Advertisement
YOU ARE HERE: LAT HomeCollectionsVolunteers

Next L.A. | Public Places

Returning the Natives

Students Help Reestablish Original Species on Ballona Dunes

March 11, 1997|JANE SPILLER | SPECIAL TO THE TIMES

The natives versus the invaders--in this battle it should be easy to know which side to be on.

On a recent morning on the Ballona Dunes in Playa del Rey, 15 enthusiastic youngsters in work gloves pulled out more than their weight in ice plant, piling it high enough to play king of the mountain. They were third-graders from Turningpoint School in Culver City on a field trip to join the volunteer effort to remove exotic plants that have taken over the sand dunes and to help reestablish native species.

Somehow, 30 hands wielding trowels cooperated to dig two holes and plant two willow trees propagated from cuttings of trees on the site. The students took home one-gallon cans seeded with lupine, a native plant that they will care for and return to the site for replanting.

On the dunes that morning, purple spires of lupine bloomed on silvery green bushes. Great egrets flew over from the tidal inlet, folding their long white wings as they settled down on the sand. Meadow larks were singing. Half a dozen stick nests built by great blue herons were silhouetted in the limbs of a cottonwood tree. By the time the chicks are hatched, the tree will be covered with leaves.

The eight acres of dunes are all that remain of a primary dune area that was leveled and carted away in the 1930s, '40s and '50s as houses were built facing the beach. Since that time exotic plants have taken over.

The most common nonnative invasive plant is the ice plant--formally known as the Hottentot fig--a visitor from South Africa with succulent triangular leaves. It was brought over as a drought-tolerant ornamental ground cover. Ice plant and other common exotic plants--pampas grass, ripgut broome, myoporum and castor beans--have few natural enemies here, so they overwhelm native species. They send out roots that steal water and spread leaves that shade the soil and lower the ground temperature so that other seeds won't germinate. As they destroy the habitat that supports native microorganisms, insects, birds and animals, they wipe out links in the local food chain.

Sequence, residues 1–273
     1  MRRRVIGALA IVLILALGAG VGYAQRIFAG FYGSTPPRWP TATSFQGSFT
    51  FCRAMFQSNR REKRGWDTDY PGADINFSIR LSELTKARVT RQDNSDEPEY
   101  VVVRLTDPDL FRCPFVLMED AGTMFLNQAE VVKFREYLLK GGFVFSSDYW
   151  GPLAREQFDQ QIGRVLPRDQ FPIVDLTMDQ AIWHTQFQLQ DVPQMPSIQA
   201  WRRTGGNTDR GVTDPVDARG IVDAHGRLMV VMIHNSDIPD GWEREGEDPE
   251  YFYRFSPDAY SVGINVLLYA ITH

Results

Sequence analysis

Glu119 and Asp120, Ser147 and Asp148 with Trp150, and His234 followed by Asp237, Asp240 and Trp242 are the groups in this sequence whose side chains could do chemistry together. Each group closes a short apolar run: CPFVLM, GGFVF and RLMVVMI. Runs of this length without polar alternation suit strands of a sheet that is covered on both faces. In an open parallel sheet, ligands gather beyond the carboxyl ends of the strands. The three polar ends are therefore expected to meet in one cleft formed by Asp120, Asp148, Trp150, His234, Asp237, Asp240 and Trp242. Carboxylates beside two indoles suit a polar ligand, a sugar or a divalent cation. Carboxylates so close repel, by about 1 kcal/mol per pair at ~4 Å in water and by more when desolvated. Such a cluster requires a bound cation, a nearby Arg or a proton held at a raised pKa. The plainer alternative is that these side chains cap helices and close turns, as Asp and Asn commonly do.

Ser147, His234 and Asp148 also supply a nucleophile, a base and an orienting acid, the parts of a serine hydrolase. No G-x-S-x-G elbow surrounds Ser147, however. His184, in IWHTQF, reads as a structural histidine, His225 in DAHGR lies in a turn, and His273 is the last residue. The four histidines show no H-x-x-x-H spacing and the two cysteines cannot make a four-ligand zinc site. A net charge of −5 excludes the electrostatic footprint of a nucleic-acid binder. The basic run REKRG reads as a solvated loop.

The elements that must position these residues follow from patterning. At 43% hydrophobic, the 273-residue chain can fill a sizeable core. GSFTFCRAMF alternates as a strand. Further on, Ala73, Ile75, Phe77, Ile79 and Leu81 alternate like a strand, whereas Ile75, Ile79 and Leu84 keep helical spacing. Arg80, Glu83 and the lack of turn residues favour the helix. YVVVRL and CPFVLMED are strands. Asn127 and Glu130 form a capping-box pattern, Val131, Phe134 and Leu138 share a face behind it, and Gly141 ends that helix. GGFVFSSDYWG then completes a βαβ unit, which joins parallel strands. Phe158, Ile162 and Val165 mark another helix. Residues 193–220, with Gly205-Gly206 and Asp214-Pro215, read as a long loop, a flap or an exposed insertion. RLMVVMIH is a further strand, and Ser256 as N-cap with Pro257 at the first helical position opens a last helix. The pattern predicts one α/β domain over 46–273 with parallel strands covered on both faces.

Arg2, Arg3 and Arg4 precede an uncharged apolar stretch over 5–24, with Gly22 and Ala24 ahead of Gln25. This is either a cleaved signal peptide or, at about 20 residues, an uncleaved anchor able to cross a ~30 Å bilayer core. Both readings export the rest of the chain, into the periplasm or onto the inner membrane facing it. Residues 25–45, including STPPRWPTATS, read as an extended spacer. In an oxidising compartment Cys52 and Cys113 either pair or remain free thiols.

Ice plant is an escape artist with a tendency to migrate from gardens and hillsides and spread. New plants can grow from pieces that break off.

And sometimes ice plant gets help in spreading. "You have a hillside at home?" I heard a parent say to a third-grader. "Maybe you want to take the ice plant home and plant it there. That's what ice plant's good for, to keep hills from coming down in the rains." Myths die hard.

"Historically ice plant has been used to hold slopes, but in Laguna Hills, Palos Verdes and elsewhere you see whole hillsides with ice plant that have ripped off," said John Rieger, a restoration ecologist who worked on the plan for the dunes. Ice plant has a shallow root system and 95% of its weight is in succulent leaves that pull it down hill. Rieger said other plants are more suitable for hillside planting, such as coastal sage scrub, which can be seen on the steep slopes of the Westchester bluffs to the east. The native plants have deep roots and less mass above ground.

"If we put more effort into exploring our native species or noninvasive species we'd be much farther ahead in resolving a lot of issues such as water conservation, erosion, sloughing, sedimentation--all those issues are connected," he said.

Even small choices on what to plant in the garden can have big consequences for survival of native species, experts say. Gardeners who cannot resist planting invasive exotics unwittingly threaten native plants with extinction--and extinction is happening at an accelerating pace.

"I have roses in my front yard," Rieger said, "but also natives all around my house." The roses are not native, but they stay put.

Fencing of the dunes property to protect it from people and dogs, and three years of volunteer effort by the Friends of the Ballona Wetlands, are showing results.

Just pulling weeds taps into a dormant native seed bank. After weeding a small area of about 10 feet, volunteers have found 200 native plants sprouting.

The next goal is to increase biodiversity on the dunes, which Rieger said is the key to a healthy ecosystem. There are now only about eight native plant species here. The plan is to increase that to 20.

The property is open to the public for workdays and nature walks. Call the Friends of the Ballona Wetlands at (213) 436-0983 for information.

Public Places writer Jane Spiller welcomes suggestions and comments. Contact her c/o NEXT LA or at Jane.Spiller@latimes.com

Advertisement
Los Angeles Times Articles
|
|
|